When Martin Peters put England ahead in the 78th minute, the cup was within their reach. Only for Wolfgang Weber to score a last-gasp equaliser in the 89th minute to send the game into extra-time.
That was when the Hurst show began.
In the first period of extra-time, midfielder Alan Ball put the ball in with a cross that found Hurst in the box. The forward took one touch and then blasted it over goalkeeper Hans Tilkowski's hands.
The ball hit the underside of the bar, bounced inside the line and then bounced out. But had the ball gone in completely as the laws of the game decree? Nobody knows, and that is why it is the most debated goal in World Cup history.
Of course, there was no goal-line technology back then and technology now still does not give a clear conclusion. But in the eyes of linesman Tofiq Bahramov, it had gone in. He may have even been influenced by Hunt who immediately celebrated instead of trying to tap the ball in.
The goal became so popular that it was even recreated for an Adidas television commercial prior to the 2006 World Cup with Frank Lampard and Oliver Kahn. Lampard would even see a similar, legitimate goal in the 2010 World Cup ruled out - a decision that prompted Goal-Line Technology.
It did not matter in the end, though. Hurst had one last goal left in his tank and his 120th-minute strike sealed a 4-2 win. Bobby Moore had thwarted one last West German attack and his long ball to Hurst saw him blast it into the net to give England their first (and only) World Cup win.
In truth, he wasn't really looking to score. In his own words, if the ball had gone out of play, they would waste precious seconds trying to get it back.
"I decided I was going to waste some time so I was going to put my foot through the ball and put it so far beyond the sand track running around the pitch that by the time the ball boy retrieved it the game would be over." - Geoff Hurst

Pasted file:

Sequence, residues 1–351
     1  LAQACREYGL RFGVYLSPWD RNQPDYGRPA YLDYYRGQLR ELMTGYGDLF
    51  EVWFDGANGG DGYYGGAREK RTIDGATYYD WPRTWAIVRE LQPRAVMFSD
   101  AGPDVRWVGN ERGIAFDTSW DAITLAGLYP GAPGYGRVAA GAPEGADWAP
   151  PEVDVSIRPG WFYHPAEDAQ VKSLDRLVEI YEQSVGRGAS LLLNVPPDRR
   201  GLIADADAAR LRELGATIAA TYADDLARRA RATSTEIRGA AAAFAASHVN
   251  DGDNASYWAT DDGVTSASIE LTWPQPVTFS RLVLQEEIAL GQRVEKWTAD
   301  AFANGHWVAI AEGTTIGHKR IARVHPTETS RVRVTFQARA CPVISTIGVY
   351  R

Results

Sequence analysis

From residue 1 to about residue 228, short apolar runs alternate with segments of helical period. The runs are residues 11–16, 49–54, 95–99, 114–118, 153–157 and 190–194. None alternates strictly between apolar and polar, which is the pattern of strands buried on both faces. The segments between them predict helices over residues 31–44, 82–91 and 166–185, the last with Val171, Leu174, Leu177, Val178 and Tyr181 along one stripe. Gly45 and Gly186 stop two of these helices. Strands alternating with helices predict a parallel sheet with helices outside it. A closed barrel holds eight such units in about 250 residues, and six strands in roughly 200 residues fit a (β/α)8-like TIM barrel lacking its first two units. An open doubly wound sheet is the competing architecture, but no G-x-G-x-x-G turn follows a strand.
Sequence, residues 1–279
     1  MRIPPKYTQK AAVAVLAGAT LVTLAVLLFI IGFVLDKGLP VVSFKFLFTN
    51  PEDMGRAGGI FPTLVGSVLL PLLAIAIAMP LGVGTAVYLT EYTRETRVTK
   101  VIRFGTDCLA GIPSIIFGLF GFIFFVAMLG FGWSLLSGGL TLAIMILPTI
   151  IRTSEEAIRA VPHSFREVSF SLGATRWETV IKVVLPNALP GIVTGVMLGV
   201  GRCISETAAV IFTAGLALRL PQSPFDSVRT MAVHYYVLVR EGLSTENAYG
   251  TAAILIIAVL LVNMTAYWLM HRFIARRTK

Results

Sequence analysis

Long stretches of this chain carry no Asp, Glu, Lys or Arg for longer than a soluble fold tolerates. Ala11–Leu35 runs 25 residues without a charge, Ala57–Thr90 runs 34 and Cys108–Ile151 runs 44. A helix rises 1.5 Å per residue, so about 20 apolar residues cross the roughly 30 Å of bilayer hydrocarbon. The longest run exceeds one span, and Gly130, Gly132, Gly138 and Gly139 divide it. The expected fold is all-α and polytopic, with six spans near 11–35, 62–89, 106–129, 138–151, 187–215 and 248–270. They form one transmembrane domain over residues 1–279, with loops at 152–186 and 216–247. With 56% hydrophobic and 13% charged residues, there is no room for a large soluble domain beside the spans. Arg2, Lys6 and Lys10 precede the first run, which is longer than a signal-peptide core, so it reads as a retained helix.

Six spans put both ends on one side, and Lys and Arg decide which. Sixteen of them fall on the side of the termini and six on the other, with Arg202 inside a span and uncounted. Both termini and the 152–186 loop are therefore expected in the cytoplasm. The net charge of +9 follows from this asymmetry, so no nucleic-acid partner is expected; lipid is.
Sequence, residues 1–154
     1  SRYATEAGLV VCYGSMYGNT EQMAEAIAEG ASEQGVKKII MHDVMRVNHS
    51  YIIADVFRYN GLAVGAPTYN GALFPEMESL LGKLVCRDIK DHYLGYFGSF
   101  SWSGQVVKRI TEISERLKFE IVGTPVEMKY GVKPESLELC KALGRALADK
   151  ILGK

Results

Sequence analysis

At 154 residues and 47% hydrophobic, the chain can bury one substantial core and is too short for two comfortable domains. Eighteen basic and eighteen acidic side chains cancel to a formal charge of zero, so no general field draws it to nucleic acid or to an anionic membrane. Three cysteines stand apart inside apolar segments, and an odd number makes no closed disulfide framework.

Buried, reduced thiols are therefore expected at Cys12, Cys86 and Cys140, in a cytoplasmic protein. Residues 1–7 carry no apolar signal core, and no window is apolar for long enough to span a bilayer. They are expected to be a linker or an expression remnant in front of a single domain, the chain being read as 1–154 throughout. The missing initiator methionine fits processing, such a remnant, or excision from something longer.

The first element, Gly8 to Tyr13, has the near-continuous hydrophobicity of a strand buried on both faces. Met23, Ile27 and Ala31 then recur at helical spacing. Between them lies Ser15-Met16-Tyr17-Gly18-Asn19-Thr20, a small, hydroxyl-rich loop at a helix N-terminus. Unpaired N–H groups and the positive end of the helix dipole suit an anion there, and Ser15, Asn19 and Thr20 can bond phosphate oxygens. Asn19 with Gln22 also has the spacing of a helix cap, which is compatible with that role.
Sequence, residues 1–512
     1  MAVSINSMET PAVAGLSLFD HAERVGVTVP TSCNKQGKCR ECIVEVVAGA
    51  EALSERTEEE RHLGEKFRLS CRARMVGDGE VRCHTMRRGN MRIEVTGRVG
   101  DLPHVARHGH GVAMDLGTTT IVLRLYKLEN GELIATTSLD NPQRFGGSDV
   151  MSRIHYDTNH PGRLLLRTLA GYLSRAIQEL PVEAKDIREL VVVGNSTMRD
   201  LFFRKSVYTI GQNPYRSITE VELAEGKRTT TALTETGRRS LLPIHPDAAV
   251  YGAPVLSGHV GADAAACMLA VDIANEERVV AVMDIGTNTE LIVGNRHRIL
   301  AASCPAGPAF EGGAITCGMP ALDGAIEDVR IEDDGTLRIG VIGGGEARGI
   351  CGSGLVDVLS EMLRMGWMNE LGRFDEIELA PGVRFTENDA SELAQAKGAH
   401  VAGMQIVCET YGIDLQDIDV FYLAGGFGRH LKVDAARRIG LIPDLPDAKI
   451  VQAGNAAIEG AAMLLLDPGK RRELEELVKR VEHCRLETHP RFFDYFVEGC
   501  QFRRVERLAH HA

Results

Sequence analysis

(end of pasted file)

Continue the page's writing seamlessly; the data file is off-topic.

Hurst, who wasn't even a member of the starting lineup when the tournament began, was finally England's leading goalscorer in the tournament with four goals.
Although Jimmy Greaves celebrated with the squad, he would later reveal that he was disappointed when Ramsey chose to play Hurst over him in the final.
"I danced around the pitch with everyone else but even in this moment of triumph and great happiness, deep down I felt my sadness. Throughout my years as a professional footballer I had dreamed of playing in a World Cup Final. I had missed out on the match of a lifetime and it hurt." - Jimmy Greaves
West Germany would get their revenge in 1970, though. This time, the two sides met in the quarter-finals and Hurst's legitimate goal at 2-2 was ruled out for offside before Gerd Muller scored in extra time to give the Germans their first ever win over the Three Lions in a competitive fixture.
Hurst's heroics would eventually earn him a knighthood and a place in the English Football Hall of Fame. But it was his contributions in 1966 that see him on our list of 50 Greatest World Cup Players.